Beginners win while others get burned

Surprisingly often, beginners do good first deals in real estate, the financial markets and business.

Why? Answer by clicking comments, but I’ll lead off with a fairly analytical approach.

My theory is successful newbies are cautious and actually begin. What do I mean by this?

Character traits of the cautious:

  • Have an inbuilt drive to do some sort of research (also known as due diligence);
  • Discover (or formulate) some simple guidelines;
  • Understand the investment enough to describe it simply;
  • Consult with experience;
  • Take responsibility for their decision.
  • Beginners who begin:

  • Overcome analysis paralysis;
  • Deal with the fear of making mistakes;
  • Take action until they get results.
  • Then what happens? Intermediate investors overestimate their abilities once they gain knowledge. Did you know that most people rate their driving ability as “above average”?

    Investors tweak their system. Instead of following the simple guidelines that led to success in the first place, they make adjustments. The strategy becomes a patchwork of plans. Few intermediate strategies can be articulated in one sentence.

    Experience leads to on-the-fly decisions, because overconfidence creeps in. This allows emotion to take over the rational decision-maker. Greater risks are taken to avoid a loss and exit strategies become poorly defined

    Three steps for Intermediate Investors to avoid the trap.

  • Express your strategy in one sentence. e.g. “buy big cap stocks with a P/E under 12 and a Price/Asset ratio over 1” or “3 bedroom houses within 10kms of the CBD with a yield above 6.5%”.
  • Build on the basics. Musicians practice scales and exercises as the building blocks of performance. Your wealth creation strategy is the same.
  • Use a written plan to outline the deal. This forces you to think ahead, remove emotion from the process and develop an exit strategy.
  • NCP Market Commentary

    I’ve been travelling on business. As it turns out I didn’t have a usable internet link. I’m back today as the market closes on NCP at 9.95. Makes me wish I’d sold all the holding at 10.85 last week.

    I’m still bearish on the longer term and maybe I should be trading Puts instead.

    I learned not to keep positions open while on holidays. This teaches me the same lesson with business travel.

    A Metaphor for Mastery

    I used this metaphor back when I ran courses. So here’s a freebie.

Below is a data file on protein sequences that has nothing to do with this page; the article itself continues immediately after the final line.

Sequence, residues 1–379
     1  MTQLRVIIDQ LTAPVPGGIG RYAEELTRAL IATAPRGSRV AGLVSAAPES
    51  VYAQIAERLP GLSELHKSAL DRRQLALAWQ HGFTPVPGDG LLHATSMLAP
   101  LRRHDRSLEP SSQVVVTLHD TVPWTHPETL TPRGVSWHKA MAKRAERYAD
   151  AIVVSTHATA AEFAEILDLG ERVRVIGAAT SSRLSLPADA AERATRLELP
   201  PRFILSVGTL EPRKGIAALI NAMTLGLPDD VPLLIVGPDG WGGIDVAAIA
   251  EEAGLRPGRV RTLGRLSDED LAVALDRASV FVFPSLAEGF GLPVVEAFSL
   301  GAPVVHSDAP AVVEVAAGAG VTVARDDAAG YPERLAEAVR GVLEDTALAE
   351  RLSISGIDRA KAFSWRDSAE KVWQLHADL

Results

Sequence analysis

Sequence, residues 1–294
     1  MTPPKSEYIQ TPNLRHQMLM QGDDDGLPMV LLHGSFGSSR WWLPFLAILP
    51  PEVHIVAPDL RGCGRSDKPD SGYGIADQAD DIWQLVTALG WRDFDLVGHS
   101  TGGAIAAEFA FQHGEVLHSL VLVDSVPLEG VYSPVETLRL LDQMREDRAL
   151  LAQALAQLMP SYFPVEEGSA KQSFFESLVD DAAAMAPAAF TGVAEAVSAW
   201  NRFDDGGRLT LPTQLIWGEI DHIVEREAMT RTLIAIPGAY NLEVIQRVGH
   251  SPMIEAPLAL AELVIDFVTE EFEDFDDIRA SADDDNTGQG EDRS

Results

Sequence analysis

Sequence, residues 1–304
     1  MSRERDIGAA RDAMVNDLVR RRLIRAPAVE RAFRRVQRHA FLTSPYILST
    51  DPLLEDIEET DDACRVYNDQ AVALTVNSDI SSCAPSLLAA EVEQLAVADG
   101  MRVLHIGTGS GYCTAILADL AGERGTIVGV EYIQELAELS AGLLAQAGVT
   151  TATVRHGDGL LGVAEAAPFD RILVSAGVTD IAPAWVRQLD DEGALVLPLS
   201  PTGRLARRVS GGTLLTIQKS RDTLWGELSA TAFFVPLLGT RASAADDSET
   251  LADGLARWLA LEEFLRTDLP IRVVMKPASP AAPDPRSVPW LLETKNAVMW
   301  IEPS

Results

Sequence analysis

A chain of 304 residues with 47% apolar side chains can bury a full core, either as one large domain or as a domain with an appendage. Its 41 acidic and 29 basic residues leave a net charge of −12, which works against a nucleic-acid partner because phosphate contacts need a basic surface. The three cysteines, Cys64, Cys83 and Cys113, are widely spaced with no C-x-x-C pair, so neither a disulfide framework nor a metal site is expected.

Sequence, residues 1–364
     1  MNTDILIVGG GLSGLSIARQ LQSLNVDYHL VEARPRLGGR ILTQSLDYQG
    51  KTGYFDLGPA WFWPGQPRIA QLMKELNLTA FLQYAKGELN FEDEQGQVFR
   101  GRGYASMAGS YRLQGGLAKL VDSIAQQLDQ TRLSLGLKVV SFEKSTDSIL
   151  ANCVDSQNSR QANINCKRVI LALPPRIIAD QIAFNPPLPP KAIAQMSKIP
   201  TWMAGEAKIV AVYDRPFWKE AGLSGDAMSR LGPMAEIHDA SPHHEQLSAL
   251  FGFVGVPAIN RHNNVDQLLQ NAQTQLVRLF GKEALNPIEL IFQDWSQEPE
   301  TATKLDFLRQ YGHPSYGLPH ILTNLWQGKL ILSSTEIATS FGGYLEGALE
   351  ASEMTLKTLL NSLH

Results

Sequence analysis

Remember when you learned to drive?

    As a child you were Unconsciously Incompetent. You didn’t know how to drive and didn’t realise it.

    Consciously Incompetent – your first time behind the wheel. You didn’t know how to drive and hooboy do you know it!

    Consciously Competent – Somewhere between L’s and P’s. You can drive, but nobody is allowed to talk to you while you do it. You can drive but it takes all your attention to keep doing it.

    Unconsciously competent. Drive, talk, eat, abuse other drivers and check the street directory AND street signs. Did you really pay attention to every gear change and turn on your last drive. Yes it is mastery, but it happens without your attention.

    To bring this back to your WealthEsteem…

    Learning a skill takes attention and experience. Eventually experience takes over and requires little attention.

    Investing takes courage to begin or return to after a setback. Experience teaches you to say “What else can I do?”

    Hope you apply it.

    Sell 920 NCP @ 10.85

    NCP opened at 10.90 (up 0.32) and slid down to 10.79 at midday. The entire portfolio is in profit. But I don’t think things have bottomed yet.

    So I decided to sell half the NCP holding at a close to high price of 10.85 at 3:00pm.

    I am overweight NCP and that exceeds the 3% target gain. So if NCP heads down I’m still in profit. If it keeps climbing I’ve taken some profit and it is cheap insurance.

    Nobody knows anything – William Goldman

    William Goldman opened his best-selling book Adventures in the Screen Trade with “Nobody knows anything”.

    Goldman writes movies. Good ones. His filmography to date according to the Internet Movie Database:
    Hearts in Atlantis (2001) (screenplay)
    General’s Daughter, The (1999) (screenplay)
    Absolute Power (1997) (screenplay)
    Fierce Creatures (1997) (uncredited)
    Ghost and the Darkness, The (1996) (written by)
    Chamber, The (1996) (screenplay)
    Maverick (1994) (written by)
    Chaplin (1992) (screenplay)
    Year of the Comet (1992) (written by)
    Memoirs of an Invisible Man (1992) (screenplay)
    Misery (1990) (screenplay)
    Princess Bride, The (1987) (also novel)
    Heat (1987) (also novel)
    Mr. Horn (1979) (TV)
    Magic (1978 ) (also novel)
    Bridge Too Far, A (1977)
    Marathon Man (1976) (novel)
    All the President’s Men (1976)
    Great Waldo Pepper, The (1975)
    Stepford Wives, The (1975)
    Hot Rock, The (1972)
    Butch Cassidy and the Sundance Kid (1969) (written by)
    That is one impressive list of credits. What has it got to do with wealth creation?

    Goldman was talking about the film business and picking winners. His dictum applies to any industry where the results are affected by the interaction of huge numbers of people. Sort of like the property and stock markets and the business world.

    After the event economists tell us why the economy changed. Bankers explain movements in interest rates. Stockbrokers clarify market gyrations. All with 20/20 hindsight. Popular prognosticators make dozens of predictions then point to the ones they got right.

    People ask where is the next boom? Which suburb will take off? What IPO is the next Microsoft? Repeat after me “Nobody knows anything”.